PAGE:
Did the Whoopie Pie originate in New England or Pennsylvania? New England claims the treat as its own, while Pennsylvania argues Amish farmers first made them in their kitchens.
Food historians may never find the answer, though they do agree the Whoopie Pie originated sometime around the 1920s.
They are generally made of two mound-shaped pieces of cake — usually chocolate — sandwiched around a sweet frosting.
The Oxford Companion to American Food and Drink attributes New England’s love for the Whoopie Pie to Durkee-Mower, the Lynn, Mass., makers of marshmallow crème. In the ‘30s Durkee-Mower sponsored a variety show called the Flufferettes on the 21 stations of the Yankee Radio Network.
The final episode featured the Yummy Book, which included recipes for cakes, pies, candies, frostings, the fluffernutter sandwich and the Whoopie Pie.
That makes the Whoopie Pie a sibling of the fluffernutter sandwich, invented by Emma Curtis, Paul Revere’s great-great-great-granddaughter.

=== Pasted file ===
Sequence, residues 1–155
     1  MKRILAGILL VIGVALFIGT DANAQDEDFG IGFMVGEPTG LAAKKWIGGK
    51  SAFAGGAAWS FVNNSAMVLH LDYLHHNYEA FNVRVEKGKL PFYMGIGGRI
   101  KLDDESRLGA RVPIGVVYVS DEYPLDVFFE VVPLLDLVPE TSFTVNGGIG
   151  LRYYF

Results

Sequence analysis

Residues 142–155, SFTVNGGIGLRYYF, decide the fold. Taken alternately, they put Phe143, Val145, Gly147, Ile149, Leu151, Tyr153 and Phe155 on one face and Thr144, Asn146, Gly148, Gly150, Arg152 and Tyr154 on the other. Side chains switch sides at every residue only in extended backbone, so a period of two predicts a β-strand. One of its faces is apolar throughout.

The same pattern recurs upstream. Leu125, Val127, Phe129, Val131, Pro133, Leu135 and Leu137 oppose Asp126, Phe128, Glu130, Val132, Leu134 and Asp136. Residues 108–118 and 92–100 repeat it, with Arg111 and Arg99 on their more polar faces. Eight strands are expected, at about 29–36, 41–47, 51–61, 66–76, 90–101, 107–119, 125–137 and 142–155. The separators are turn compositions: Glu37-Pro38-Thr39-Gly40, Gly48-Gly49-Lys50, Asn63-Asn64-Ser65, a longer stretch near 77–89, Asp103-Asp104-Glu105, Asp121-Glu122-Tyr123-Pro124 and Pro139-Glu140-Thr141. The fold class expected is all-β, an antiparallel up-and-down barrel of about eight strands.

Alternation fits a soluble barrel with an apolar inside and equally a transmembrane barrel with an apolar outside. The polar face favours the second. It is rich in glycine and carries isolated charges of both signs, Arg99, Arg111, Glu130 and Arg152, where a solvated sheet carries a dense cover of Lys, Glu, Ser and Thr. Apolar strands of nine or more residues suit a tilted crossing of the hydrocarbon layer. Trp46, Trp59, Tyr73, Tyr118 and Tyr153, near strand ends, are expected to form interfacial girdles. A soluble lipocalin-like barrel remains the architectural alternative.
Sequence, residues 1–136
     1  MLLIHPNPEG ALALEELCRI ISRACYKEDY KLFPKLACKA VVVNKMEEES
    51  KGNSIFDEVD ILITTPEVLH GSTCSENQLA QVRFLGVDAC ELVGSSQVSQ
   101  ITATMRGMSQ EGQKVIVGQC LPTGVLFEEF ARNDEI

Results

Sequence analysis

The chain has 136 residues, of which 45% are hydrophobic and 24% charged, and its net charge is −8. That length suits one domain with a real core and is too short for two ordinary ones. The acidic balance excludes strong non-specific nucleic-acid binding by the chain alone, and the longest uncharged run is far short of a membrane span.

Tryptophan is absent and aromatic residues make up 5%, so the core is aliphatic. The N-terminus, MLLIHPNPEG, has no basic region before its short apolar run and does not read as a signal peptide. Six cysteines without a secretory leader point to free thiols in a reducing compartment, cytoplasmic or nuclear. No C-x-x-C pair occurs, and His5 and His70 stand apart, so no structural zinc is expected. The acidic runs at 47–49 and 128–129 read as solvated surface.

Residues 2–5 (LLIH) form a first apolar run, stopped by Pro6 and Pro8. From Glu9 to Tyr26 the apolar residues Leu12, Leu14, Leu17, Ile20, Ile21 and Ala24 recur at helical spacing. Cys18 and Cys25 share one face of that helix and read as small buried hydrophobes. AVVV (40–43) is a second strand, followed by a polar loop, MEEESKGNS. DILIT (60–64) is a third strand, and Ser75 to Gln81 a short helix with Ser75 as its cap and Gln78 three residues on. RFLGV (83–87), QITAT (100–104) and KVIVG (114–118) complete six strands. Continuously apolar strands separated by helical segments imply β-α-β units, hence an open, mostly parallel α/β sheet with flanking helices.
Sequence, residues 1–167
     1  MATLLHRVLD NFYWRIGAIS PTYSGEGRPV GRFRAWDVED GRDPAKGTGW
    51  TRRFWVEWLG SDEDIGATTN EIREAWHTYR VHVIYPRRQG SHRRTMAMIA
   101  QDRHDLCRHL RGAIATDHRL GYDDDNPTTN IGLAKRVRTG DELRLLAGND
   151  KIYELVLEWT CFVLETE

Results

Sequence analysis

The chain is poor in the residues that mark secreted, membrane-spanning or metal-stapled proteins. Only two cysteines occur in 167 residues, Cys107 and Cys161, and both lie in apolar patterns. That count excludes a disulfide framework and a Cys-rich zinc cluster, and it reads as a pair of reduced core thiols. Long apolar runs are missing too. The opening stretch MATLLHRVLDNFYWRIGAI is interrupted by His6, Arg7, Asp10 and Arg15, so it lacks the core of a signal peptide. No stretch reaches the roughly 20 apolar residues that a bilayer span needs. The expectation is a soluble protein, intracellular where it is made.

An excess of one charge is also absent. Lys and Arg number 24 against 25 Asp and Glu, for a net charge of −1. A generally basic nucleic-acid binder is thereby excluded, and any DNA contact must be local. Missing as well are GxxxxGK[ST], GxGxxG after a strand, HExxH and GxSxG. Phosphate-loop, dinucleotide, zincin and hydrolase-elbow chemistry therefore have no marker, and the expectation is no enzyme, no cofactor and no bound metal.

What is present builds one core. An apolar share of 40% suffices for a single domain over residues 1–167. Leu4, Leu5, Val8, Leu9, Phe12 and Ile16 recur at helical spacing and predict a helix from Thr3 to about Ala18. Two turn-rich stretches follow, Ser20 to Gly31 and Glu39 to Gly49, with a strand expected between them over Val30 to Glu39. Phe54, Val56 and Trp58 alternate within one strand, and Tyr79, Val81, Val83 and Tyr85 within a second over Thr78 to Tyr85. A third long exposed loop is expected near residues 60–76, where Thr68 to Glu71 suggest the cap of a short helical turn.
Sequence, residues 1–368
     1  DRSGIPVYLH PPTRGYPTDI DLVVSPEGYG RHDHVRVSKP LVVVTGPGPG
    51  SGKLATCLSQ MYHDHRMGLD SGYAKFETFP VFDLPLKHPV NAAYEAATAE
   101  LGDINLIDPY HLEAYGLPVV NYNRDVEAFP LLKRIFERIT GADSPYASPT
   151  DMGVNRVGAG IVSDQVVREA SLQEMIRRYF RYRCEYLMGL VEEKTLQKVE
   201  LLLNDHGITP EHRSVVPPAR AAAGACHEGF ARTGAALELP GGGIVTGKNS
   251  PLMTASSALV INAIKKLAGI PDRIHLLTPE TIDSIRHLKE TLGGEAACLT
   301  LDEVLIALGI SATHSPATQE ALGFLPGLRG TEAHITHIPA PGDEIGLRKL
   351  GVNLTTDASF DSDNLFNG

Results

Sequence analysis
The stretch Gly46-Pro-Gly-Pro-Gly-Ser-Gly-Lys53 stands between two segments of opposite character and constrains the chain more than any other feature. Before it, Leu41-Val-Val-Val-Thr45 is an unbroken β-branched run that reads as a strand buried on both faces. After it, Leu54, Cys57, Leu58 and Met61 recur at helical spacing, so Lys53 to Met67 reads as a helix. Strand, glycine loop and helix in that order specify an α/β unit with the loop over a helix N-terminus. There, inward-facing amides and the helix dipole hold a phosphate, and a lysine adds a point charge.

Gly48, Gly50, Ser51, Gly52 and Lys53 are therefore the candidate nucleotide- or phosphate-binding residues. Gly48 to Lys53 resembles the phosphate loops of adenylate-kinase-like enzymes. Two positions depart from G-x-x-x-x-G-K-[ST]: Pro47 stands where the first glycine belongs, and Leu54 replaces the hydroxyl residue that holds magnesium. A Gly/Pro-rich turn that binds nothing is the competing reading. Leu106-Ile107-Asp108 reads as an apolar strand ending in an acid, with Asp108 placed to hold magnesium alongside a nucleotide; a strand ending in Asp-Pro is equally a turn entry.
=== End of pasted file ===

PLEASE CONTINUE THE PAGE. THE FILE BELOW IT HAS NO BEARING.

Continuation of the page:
Pennsylvanians claim Amish cooks were the first to make Whoopie Pies with extra cake batter sandwiched together with a sweet cream or icing filling. Legend has it that children shouted ‘Whoopie’ when they found them in their lunch pails.
There’s more than mere legend to support New England’s claim to ownership of the Whoopie Pie. The first known advertisement for the pie dates from 1931 — by the Berwick Cake Co., in the Roxbury section of Boston. The faded letters “Whoopee! Pies” can still be seen on the old brick Berwick building.
In addition, Labadie’s Bakery in Lewiston, Maine, has been making Whoopie Pies since 1925, according to Jennifer Smith-Mayo and Michael Mayo in Maine Icons: 50 Classic Symbols of the Pine Tree State. Unfortunately, a fire wiped out documentation of Labadie’s Whoopie-Pie making history.
The State of Maine, however, stepped in to lay claim to the confection and in 2011 declared it the official state treat of the State of Maine (the official dessert: the blueberry pie).
This story was updated in 2019.